For the past few weeks someone (or maybe more than one person) has been leaving shells on the library shelves. The shells are beautiful, as you can see from the picture of just some of them, and quite clean. These "gifts" raise many questions. Who is doing this? Why would someone come into the library mutiple times and leave these for other people to find? Is there any significance to the placement of the shells?
I don't care what the "experts" have to say; this last winter certainly felt like the worst one ever here in New Jersey. One positive note of surviving the last five frigid months: spring seems that much more gorgeous. And what better way to enjoy the spectacular weather than at the some of the outdoor spaces at or near the library.
As faithful readers of this blog might know by now, I love lists. Because my specialty is collection development, I am always curious about what people want to read, watch, and listen to, so I have compiled various lists based on the circulation of books, DVDs, and CDs at the library. Two lists I have yet to create (until now): the all-time most popular suspense and fiction books at the Princeton Public Library. Let's get to it! (Insert drum roll here.)
The ten most popular suspenseful books of all time at the library are:
It's the start of a brand new year and instead of listing my resolutions (most of which I have already broken), I will indulge myself in another "bestseller" Princeton Public Library list. In the past I have made lists of the most popular books, music CDs, and DVDs at the library. This time I will list the ten items with the highest circulation numbers for all time. These ten titles have proven to be incredibly popular over the years and, even though they may be a bit worn, they are still being checked out.
Not sure what to get your bibliophile friend or relative for the holidays? How about a beautiful book? The coffee table tomes listed below are designed to be savored and look best in traditional paper. The sheer size and details of the illustrations are too much for most tablets or e-readers. If you want to test drive one of these before purchasing I suggest you check out our big books table in New Nonfiction area on the first floor of the library. You can see the table from one of our windows facing Witherspoon Street.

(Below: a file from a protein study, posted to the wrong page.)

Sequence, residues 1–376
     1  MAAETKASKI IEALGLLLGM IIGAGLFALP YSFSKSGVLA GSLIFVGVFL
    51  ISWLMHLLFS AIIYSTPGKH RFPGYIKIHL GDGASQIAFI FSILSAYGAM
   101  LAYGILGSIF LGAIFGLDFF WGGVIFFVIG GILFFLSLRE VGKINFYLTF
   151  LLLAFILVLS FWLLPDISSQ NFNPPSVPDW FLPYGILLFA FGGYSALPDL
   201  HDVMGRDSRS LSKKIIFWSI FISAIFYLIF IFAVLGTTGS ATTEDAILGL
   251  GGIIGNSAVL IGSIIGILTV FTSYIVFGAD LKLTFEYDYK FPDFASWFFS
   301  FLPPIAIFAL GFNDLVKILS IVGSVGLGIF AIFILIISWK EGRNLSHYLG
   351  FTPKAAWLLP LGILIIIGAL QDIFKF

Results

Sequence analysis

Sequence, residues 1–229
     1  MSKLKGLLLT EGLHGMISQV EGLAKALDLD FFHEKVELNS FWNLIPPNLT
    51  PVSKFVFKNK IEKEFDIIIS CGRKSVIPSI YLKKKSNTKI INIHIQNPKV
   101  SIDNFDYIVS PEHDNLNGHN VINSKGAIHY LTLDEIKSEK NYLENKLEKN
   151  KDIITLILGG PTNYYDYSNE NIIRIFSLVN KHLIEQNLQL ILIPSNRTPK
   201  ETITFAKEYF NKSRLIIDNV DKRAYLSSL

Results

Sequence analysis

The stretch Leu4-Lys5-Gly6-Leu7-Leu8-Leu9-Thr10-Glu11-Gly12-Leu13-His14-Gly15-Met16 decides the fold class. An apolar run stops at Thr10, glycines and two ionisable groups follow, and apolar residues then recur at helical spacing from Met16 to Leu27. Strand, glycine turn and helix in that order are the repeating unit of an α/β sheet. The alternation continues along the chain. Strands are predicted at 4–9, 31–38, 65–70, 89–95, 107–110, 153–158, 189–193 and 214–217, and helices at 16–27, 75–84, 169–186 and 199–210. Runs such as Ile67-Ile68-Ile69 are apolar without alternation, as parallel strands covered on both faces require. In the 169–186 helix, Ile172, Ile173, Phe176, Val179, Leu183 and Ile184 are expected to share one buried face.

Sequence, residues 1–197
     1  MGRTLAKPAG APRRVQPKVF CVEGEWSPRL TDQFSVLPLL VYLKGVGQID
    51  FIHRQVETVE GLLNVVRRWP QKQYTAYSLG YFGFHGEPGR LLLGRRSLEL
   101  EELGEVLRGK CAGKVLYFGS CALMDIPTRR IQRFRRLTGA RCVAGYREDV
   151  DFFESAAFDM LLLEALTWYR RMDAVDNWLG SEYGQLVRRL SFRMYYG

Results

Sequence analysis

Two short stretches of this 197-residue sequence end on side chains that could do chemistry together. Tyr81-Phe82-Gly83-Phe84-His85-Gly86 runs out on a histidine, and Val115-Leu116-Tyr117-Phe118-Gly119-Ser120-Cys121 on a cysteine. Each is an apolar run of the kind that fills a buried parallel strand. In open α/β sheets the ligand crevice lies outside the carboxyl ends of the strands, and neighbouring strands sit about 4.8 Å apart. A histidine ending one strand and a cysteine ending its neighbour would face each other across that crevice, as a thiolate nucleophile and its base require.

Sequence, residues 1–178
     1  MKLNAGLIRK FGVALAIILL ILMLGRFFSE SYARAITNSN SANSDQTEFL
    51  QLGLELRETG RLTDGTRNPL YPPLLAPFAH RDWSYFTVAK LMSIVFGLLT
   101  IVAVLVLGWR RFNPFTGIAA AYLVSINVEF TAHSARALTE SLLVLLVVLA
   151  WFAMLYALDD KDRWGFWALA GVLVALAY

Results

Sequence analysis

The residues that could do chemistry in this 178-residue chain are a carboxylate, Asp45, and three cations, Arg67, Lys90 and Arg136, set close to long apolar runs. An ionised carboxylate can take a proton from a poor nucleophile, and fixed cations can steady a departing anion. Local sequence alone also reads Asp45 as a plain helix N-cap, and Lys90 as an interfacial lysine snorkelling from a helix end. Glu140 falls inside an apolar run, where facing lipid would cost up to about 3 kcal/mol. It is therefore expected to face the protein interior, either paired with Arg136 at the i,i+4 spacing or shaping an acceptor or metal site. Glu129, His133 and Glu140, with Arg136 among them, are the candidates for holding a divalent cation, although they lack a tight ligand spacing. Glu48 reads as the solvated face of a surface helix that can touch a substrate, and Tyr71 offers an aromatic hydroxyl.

Recently we changed our DVD lending policy to allow all but the newest feature films to go out for one week for $1. In addition, you can now place holds and renew any of our one-week DVDs. More information on our new policy can be found here.
It has been a full year since I posted a list of the most popular music CDs at the library. I still enjoy CDs (as many of you do, based on our circulation statistics) but I thought I would mix things up a bit and give you a snapshot from our music download website, Freegal.
In the past year we have been shifting many collections at the library and all this movement made me ponder something that keeps the collections still: bookends. They are so utilitarian and unassuming that you may be surprised to hear there are over 4,100 bookends working silently day and night at the library to stop everything from falling over.
One of the many great things about working at this library is that we are located just two blocks from a certain world-class university. If you don't know which one I will give you a hint: it's the first word in the phrase "Princeton Public Library." When the weather is nice and I have some time, I like to explore the incredibly beautiful campus.
Spring is finally here and we are in the mood for some refreshing and renewing at the library. Please stop by and check out our new tables and chairs for your reading, relaxing, and conversing enjoyment. Join me on a brief tour of some of the most recent changes at the library.
On the first floor behind the Welcome Desk we now have this fabulous collection of hexagonal chairs and side tables. To me they look a bit Star-Trek or maybe mid-70s talk show...very cool and retro. This is the perfect spot for some quiet group conversation.